It is very difficult to find a trash bin in downtown London. This is one of the Irish Republican Army‘s legacies: Its bombing campaigns in the British capital led the city to take precautions against terrorism — like removing bomb-concealing wastebaskets — years before September 11 alerted Americans to the threat of attack at home. Free of American-style concerns about privacy and civil liberties, London is also blanketed with surveillance cameras.
Today’s attacks worked around those precautions. Some will read that as an argument for stricter measures, some as a demonstration that whatever barriers are erected, terrorists will find a way.
Americans who haven’t visited London will find it hard to grasp the chaos that these attacks must have triggered. The Underground system is much more crowded than most of New York’s subway cars, except perhaps the jam-packed Lexington Avenue line. Even on a normal day, getting in and out of Tube stations can be a struggle. The buses are similarly swamped: At rush hour, riders sometimes have to stand on the stairs connecting the lower and upper decks.
Severe disruptions aren’t that rare on the Tube, although previously they’ve been due to labor strife. Britain’s unions are much more aggressive than their U.S. counterparts, reflected in the statement by the head of the transit workers union, Bob Crow, reacting to the attacks. He wasted no time in critiquing security on the Underground. “These terrible attacks show just how vulnerable commuters and Tube workers are,” Crow said. “Tube workers and the emergency services have responded magnificently and there is now a clear need to review security after such an attack.”
While this is the first attack in Britain since September 11, Britain’s Home Office has recorded a batch of recent incidents overseas in which Brits were targets:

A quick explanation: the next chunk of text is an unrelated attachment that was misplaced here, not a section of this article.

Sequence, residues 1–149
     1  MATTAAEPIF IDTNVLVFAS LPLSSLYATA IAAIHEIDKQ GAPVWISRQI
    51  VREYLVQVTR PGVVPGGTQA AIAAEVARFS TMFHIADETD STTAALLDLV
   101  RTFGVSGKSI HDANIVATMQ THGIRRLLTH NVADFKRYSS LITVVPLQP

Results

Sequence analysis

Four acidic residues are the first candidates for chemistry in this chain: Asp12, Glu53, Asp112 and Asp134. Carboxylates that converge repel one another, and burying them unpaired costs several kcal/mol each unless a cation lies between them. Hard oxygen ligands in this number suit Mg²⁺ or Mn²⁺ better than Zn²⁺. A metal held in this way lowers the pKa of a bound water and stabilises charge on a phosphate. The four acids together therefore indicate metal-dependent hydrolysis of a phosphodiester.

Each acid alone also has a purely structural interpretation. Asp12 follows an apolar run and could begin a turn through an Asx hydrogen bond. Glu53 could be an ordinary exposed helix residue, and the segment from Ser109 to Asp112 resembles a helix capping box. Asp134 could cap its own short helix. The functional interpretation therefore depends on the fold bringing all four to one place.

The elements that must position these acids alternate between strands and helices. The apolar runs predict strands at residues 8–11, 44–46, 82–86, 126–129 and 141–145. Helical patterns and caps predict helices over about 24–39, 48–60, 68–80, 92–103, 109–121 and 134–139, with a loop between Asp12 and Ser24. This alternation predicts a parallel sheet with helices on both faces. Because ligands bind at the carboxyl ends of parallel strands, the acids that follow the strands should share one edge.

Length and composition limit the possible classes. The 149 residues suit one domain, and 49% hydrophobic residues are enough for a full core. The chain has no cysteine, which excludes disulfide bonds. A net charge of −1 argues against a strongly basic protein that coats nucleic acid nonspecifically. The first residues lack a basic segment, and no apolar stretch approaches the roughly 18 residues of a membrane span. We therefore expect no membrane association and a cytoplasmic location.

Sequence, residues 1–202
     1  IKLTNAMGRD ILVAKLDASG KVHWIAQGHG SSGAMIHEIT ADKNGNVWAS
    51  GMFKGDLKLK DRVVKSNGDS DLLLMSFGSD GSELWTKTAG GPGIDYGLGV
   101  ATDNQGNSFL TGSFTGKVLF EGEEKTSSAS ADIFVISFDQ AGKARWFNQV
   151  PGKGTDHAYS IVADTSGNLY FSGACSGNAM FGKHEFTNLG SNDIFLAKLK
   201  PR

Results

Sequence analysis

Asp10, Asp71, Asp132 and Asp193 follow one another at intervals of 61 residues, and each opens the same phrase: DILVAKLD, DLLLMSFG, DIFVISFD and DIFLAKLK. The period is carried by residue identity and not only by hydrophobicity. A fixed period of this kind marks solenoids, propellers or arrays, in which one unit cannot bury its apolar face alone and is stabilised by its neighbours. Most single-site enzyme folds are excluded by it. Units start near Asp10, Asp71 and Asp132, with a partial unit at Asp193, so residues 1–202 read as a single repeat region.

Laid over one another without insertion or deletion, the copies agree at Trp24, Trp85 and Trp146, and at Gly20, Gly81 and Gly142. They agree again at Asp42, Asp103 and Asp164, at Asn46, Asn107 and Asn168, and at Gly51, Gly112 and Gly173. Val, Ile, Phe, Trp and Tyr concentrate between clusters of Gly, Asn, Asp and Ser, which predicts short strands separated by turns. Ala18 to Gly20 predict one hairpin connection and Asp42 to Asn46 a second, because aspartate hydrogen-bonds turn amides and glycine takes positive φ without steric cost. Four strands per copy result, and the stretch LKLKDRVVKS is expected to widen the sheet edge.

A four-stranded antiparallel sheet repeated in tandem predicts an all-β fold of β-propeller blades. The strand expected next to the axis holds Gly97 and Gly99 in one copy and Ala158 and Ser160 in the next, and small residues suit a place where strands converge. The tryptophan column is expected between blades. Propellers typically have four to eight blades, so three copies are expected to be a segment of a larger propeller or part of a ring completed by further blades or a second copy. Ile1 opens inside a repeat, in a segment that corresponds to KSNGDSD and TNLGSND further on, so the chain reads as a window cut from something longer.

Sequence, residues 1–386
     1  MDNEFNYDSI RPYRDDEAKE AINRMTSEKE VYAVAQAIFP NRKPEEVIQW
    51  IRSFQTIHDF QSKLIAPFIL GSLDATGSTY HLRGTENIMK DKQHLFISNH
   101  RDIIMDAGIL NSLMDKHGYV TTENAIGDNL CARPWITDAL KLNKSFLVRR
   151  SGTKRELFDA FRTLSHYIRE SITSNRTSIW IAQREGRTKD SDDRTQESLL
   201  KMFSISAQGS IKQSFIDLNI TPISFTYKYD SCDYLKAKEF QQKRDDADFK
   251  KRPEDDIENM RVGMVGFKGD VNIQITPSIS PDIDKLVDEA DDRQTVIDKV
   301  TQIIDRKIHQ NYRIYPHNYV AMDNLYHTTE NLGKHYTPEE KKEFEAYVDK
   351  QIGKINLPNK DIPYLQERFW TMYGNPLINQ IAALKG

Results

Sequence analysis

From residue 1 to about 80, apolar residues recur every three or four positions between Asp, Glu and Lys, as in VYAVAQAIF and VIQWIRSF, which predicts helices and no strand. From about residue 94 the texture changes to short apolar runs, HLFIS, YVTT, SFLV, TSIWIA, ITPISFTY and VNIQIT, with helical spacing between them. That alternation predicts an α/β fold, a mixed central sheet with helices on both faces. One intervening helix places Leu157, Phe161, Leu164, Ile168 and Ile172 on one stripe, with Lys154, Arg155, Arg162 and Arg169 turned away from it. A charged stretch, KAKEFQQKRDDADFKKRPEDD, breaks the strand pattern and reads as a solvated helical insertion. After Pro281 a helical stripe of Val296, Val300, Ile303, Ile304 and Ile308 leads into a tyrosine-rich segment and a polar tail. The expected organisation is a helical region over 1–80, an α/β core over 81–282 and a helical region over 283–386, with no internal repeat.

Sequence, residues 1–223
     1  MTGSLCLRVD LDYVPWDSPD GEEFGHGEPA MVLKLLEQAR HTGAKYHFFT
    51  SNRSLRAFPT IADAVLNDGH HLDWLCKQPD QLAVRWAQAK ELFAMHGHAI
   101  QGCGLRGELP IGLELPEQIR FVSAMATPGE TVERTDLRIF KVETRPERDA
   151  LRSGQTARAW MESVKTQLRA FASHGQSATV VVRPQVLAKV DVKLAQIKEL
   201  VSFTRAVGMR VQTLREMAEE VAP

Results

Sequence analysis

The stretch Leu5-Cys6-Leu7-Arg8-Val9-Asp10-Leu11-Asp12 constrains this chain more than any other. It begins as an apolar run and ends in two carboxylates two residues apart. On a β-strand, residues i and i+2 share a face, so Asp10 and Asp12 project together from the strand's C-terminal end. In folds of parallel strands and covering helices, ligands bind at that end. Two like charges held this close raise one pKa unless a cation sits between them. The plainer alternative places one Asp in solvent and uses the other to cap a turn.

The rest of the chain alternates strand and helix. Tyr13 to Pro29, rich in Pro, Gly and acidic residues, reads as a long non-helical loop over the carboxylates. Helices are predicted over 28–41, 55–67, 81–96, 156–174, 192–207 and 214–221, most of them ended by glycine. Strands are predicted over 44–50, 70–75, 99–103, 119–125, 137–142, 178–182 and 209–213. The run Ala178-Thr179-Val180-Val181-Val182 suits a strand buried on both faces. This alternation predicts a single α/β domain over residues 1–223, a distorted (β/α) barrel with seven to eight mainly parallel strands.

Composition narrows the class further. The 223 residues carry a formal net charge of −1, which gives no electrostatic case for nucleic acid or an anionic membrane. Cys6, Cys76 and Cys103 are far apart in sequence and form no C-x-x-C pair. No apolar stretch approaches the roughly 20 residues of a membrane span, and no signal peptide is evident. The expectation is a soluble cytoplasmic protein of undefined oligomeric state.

There have been a number of attacks specifically targeting U.K. interests based overseas. Al Qaida’s car bomb attack on the British Consulate and HSBC in Istanbul in November 2003 killed five people. Al Qaeda also claimed responsibility for the shooting of a British national in Riyadh, Saudi Arabia, in September 2004 and Kenneth Bigley was murdered in October 2004 in Iraq by a group that has been linked to Al Qaida. Most recently, a British national was killed by a suicide bomb outside the Doha Players’ Theatre in the capital of the Gulf state of Qatar in March 2005.
Besides London commuters, another victim of the deadly blasts might be the progressive agenda Prime Minister Tony Blair hoped to advance at this week’s G8 summit in Scotland. The topics of increased aid to Africa and global warming might again take a back seat to terrorism.
Three days after September 11, London observed a moment of silence for the victims in New York, Washington and Pennsylvania. The normally buzzing city literally stopped. People left their offices and taxis pulled over. Britons sang “The Star Spangled Banner.” Over the next few days, as the scope of the London attacks becomes clear, it will be interesting to see if Americans reciprocate.